Proposed Updates to US Children’s Online Privacy Law to Prevent Tech Companies From Collecting Teenagers’ Data
On Tuesday 12 March, two bipartisan senators in the US have put forward a bill they hope will make considerable changes to the 1998 Children’s Privacy Protection Act (COPPA).
The planned adjustments, introduced by Sens. Ed Markey (D-MA) and Josh Hawley (R-MO), will give children – and their parents – more control over what data companies can collect from them online.
Coppa, which was originally authored by Markey, currently prohibits companies from collecting personal data and location information belonging to children under the age of 13 without explicit parental consent.
The proposed law amendments would extend that age to 15, but instead of requiring parental consent, those aged 13 to 15 would be responsible for agreeing to their own data collection.
“Big tech companies know too much about our kids, and even as parents, we know too little about what they are doing with our kids’ personal data. It’s time to hold them accountable,” said Hawley in a statement.
“Congress needs to get serious about keeping our children’s information safe, and it begins with safeguarding their digital footprint online.”
Parents would also have the option to remove all their child’s data from a specific platform, such as TikTok, without it discontinuing service to that user. The senators are calling this the “Eraser Button”.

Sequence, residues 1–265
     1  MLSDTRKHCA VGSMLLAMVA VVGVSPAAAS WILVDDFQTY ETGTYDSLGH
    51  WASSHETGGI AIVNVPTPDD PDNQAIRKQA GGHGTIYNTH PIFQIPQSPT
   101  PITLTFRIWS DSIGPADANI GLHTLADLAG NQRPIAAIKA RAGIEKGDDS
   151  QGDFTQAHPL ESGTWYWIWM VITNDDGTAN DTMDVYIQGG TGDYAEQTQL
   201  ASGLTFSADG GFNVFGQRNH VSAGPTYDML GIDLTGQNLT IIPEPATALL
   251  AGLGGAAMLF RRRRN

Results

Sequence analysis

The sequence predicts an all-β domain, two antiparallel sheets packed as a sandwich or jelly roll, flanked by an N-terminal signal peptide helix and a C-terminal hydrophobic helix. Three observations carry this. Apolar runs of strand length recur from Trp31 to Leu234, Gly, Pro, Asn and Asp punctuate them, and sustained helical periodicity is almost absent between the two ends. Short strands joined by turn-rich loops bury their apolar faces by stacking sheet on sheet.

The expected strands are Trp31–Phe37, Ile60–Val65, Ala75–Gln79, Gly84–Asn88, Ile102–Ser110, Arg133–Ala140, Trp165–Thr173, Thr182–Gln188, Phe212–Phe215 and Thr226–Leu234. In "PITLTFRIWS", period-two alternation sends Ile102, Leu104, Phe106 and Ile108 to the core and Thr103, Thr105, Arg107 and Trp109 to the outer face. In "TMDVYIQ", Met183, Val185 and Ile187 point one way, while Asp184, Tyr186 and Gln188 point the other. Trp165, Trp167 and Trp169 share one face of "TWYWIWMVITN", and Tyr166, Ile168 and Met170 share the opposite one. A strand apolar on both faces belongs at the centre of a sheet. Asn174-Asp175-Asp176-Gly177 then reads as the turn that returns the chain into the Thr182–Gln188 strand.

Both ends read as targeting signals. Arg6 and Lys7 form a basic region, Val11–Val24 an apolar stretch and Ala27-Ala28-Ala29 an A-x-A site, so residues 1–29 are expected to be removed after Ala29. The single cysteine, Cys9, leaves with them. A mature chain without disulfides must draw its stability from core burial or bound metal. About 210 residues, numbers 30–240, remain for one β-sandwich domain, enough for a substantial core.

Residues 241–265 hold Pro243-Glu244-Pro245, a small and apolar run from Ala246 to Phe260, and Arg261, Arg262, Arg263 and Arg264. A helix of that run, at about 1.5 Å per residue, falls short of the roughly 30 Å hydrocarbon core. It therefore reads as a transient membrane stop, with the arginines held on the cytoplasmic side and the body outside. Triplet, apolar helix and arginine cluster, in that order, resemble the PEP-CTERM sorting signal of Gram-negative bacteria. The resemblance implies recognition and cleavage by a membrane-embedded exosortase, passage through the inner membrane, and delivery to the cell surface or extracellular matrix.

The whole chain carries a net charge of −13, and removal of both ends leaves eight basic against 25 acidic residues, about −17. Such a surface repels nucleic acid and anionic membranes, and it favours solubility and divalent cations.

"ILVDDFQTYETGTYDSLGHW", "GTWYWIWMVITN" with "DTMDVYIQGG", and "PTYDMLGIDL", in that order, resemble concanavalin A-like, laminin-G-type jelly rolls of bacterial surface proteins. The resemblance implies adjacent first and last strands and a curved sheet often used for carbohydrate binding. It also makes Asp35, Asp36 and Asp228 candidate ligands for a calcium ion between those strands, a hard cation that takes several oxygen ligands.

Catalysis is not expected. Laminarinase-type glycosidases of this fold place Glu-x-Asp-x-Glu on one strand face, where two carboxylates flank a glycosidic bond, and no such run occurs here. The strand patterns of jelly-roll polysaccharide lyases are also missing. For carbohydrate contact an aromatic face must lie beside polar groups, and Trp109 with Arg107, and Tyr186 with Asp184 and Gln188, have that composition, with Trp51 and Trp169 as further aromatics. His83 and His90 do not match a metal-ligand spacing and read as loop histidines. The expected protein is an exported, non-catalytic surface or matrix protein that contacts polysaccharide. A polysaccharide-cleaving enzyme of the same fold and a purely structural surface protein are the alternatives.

Another aspect of the bill focuses on targeted ads, and proposes to ban platforms from serving them to children under the age of 13.
Internet-connected devices and toys targeted at children would also have to come with a data collection disclosure on the packaging for parents to read and meet “robust cyber security standards.”
“In 2019, children and adolescents’ every move is monitored online, and even the youngest are bombarded with advertising when they go online to do their homework, talk to friends, and play games,” said Markey.
“In the 21st century, we need to pass bipartisan and bicameral COPPA 2.0 legislation that puts children’s well-being at the top of Congress’s priority list,” he said. “If we can agree on anything, it should be that children deserve strong and effective protections online.”
If the bill is approved, companies will have one year to comply with the new measures, including disclosing to users all the data it collects, how it’s used, and the ways in which it will ensure that data is not collected from children under 15 without consent.